And welling up from these roots, the culture of Trackers is also meant to be compelling. We don’t play outdoor games just to buy our time. When I’m told a person or a program are deft at “storytelling and/or games”, in spite of their marketing, this is often reflected in their on the ground focus as a field games facilitator and circle ringmaster (look at me, look at me). Not someone invested in an arc of authentic skill and experience.

Our style of outdoor education requires the depths of old school wilderness legends, the hawk eye focus of the ultimate sentry and the creative wiliness of the best Dungeon Master to guide the way. Camp becomes powerful by distilling “nature connection” rawest form. Gutting fish you caught is a compelling activity. Starting a fire to stay warm is compelling. Escaping through the wilderness and slaying a force of faux zombies with safe foam arrows, definitely compelling.

So how do I connect kids to nature? My mom once gave me sage advice as I embarked on my educational career, “Remember what it’s like to be a kid.” Unfortunately, people think they’re doing this but what they end up with is a version that is grossly caricatured, or academic, or pandering, or sickly sweet. Kids aren’t looking to be set up for success all the time. Nor do they want completely gentle and coddling parental figures. But that’s what outdoor and especially environmental education gives them nowadays. My cure for that would be to make all EE educators go read Calvin and Hobbes.

Do you have any moments in nature from your childhood that left an impression on you?

I could start with digging for dinosaur bones in back yard. Or delve into the awesome burn pile my Dad made for all the debris in our quarter acre garden in Oak Grove just south of Milwaukie, Oregon. Even more interesting would be fishing with my father (I really went for the doughnuts and hot chocolate). But I would have to say the best memory, that goes far beyond all my supposed self-imposed insane rites of passage, would be a camping trip I took with my buddy J.T. Nyquist to the Umpqua Valley when I was thirteen or fourteen years old.

J.T. had bought an awesomely big survival knife. We spent most of the week inner tubing and freaking out about mosquitoes. But one day we took a walk where we followed the river beyond the trail. We wander for what felt like hours. I just remember thinking, “I’m not on a trail.” Instead we followed the river to find our way back. Eventually we came upon the dry white desiccated carcass of a fawn.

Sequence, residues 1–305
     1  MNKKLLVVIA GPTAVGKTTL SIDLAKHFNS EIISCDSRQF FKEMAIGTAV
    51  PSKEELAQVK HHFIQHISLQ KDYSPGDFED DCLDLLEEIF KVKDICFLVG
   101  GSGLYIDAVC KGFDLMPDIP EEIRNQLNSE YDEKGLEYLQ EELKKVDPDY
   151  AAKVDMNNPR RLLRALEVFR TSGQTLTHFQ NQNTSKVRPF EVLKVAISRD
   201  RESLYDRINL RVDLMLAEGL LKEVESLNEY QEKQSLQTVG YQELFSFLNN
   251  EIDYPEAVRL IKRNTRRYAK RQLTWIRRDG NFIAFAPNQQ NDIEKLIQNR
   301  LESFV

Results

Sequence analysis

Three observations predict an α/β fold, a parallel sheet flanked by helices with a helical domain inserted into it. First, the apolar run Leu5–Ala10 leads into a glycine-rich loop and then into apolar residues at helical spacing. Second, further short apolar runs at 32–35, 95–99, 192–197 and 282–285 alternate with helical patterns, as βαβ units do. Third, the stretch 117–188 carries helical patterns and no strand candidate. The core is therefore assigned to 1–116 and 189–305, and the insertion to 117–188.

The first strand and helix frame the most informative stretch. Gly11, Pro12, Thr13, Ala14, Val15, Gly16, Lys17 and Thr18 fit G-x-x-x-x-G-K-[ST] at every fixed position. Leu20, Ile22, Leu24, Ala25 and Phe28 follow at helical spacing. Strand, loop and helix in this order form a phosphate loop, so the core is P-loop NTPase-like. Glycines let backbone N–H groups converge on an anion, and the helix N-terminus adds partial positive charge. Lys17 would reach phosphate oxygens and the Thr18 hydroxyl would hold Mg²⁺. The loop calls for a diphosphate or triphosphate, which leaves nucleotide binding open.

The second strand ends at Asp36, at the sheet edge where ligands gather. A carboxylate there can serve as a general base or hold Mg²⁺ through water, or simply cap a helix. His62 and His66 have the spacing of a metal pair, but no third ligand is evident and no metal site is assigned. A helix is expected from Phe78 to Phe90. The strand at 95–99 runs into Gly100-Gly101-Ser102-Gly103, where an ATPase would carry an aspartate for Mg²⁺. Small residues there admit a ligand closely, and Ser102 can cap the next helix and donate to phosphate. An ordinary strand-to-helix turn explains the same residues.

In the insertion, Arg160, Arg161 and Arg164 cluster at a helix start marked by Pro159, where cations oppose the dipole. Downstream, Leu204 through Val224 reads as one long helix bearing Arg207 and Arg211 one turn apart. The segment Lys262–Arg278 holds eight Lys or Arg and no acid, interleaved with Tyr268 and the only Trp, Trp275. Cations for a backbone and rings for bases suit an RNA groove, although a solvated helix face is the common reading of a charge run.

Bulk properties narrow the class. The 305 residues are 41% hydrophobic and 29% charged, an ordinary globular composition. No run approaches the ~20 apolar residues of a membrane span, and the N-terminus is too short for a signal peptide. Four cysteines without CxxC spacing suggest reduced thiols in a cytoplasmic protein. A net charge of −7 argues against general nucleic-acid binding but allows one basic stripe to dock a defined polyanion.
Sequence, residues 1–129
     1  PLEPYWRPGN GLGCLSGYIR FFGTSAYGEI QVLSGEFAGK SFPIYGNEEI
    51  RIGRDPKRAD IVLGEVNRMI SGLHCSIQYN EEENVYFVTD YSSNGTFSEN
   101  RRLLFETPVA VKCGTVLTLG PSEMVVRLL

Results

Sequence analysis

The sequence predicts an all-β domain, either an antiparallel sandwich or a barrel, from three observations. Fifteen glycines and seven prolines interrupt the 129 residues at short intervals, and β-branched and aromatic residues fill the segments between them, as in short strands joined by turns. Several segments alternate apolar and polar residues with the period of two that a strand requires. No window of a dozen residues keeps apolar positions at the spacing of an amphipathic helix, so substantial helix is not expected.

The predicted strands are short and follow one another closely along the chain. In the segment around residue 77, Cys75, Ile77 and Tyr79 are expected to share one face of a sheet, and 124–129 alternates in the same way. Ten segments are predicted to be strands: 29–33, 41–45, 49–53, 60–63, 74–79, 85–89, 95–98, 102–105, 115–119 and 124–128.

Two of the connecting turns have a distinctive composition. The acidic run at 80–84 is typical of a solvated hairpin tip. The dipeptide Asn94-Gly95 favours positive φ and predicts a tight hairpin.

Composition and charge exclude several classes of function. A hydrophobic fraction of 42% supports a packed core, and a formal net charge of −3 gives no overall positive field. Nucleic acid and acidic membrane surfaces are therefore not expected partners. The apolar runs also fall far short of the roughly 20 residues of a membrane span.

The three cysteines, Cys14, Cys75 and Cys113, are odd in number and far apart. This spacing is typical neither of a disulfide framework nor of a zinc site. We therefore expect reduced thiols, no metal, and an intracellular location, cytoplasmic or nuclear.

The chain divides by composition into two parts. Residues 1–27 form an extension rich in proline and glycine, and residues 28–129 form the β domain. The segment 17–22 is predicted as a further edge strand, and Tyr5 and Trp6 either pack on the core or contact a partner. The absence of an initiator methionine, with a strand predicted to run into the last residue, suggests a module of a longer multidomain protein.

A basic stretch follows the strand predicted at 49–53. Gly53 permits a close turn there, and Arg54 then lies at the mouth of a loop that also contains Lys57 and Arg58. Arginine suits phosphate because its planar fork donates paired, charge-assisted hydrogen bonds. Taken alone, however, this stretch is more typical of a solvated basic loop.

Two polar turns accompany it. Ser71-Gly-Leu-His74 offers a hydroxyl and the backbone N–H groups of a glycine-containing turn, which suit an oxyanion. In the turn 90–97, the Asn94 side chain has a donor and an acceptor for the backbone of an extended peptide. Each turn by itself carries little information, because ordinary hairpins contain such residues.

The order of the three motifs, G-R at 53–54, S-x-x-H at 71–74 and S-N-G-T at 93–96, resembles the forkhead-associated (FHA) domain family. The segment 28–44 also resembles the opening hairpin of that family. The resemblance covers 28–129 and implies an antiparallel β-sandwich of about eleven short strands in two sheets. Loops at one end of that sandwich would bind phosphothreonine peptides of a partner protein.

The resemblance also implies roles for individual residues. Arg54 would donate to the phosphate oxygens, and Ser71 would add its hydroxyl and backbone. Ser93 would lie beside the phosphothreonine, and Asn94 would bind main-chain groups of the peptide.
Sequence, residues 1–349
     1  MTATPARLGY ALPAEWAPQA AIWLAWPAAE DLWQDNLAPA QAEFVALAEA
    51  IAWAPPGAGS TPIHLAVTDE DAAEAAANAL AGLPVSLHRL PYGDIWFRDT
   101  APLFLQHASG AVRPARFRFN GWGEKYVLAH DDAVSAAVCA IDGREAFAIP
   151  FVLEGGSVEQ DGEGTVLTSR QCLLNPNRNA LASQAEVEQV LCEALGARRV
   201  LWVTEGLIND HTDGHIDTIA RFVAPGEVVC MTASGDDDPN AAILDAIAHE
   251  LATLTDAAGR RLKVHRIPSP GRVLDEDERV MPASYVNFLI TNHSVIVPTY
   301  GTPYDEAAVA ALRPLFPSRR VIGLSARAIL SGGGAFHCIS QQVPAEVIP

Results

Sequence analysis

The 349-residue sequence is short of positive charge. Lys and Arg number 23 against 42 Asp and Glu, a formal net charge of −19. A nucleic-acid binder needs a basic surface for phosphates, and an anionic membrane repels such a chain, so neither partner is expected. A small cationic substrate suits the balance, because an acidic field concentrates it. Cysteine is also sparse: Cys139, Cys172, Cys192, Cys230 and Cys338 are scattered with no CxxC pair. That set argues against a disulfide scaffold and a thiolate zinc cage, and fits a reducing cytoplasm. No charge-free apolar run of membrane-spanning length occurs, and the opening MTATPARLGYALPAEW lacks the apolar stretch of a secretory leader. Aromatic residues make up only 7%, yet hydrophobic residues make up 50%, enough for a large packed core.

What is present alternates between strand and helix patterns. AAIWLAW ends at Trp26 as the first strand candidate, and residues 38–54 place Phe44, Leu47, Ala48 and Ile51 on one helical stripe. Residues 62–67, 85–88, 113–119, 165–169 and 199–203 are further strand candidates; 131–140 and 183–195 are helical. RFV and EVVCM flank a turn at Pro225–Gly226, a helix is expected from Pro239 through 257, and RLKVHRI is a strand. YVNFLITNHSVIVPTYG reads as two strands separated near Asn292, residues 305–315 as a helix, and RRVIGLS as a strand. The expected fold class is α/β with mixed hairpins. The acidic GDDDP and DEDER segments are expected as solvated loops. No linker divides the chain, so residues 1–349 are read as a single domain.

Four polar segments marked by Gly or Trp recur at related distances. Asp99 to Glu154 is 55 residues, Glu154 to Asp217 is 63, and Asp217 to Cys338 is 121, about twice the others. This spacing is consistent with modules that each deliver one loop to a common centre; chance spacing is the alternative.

In the dappled light of the tall grass, it was striking. I only knew death as a theory. I had family members that died and I saw their casket from afar. But the understanding that this creature had been completely at the mercy of a world fundamentally different than my suburban kid life. A way of being that was raw and wild. That stuck with me. I wanted in. The world of high school I was jumping into did not offer me any risk. I craved a sincere testing of myself.

So gain, I rose out of high school and I grew up pretty quickly.

Do you have children yourself? If so, tell me about their relationship to nature.

I have a son who is now 19 months old. He’s walking, moving and outrunning me already. I’m blessed to have my family live on our 3-acre farm up in Sandy, Oregon next to a huge wildlife sanctuary owned by the Audubon Society of Portland (who runs GREAT camps by the way; I suggest folks check them out). We have a neighborly agreement to play in their land which also connects to Camp Trackers, our own overnight primitive campground with a fishing pond, huge forests and an outdoor kitchen.

So my son Robin has his own 100-acre woods to wander in. He always demands to go outside (since we only give him boxes and books to play with inside). He recently figured out how to unlatch the gate on our deck. Thus, while I was working on the computer the other day, he went running by my window buck naked (he had been playing in his shallow pool on the deck), wildly swinging two sticks in his hands and cackling with wild abandon because he was temporarily free of dad’s oversight as he made a straight beeline for the trees.

I promptly ran and got him, we played with goats and chickens for awhile and then I put a carabiner on the gate latch. Let’s see if the little velociraptor figures that out.

I am big fan of making sure he grows up helpful on the farm. Even if it’s just carrying water dishes to the baby chicks or helping me split kindling from the wood pile. Then of course there is growing up in Trackers. I’m fascinated to see how that’ll work. I already insist he act in service to those that serve at camp. This is how human communities naturally work. Good ones cultivate children who grow into people who are truly helpful.

My favorite days are when I put Robin in the baby backpack and go bear tracking with him. Right now he has now idea what the wide U-shaped trails means, or that soft arc along five toes padded in the fir needle duff, but I know it’s soaking in. He is bizarrely comfortable in wild places. That fascinates me as I’m not sure how exactly what will come of it. I’ll probably end up with a bigger hippie kid than I ever was (groan of acceptance).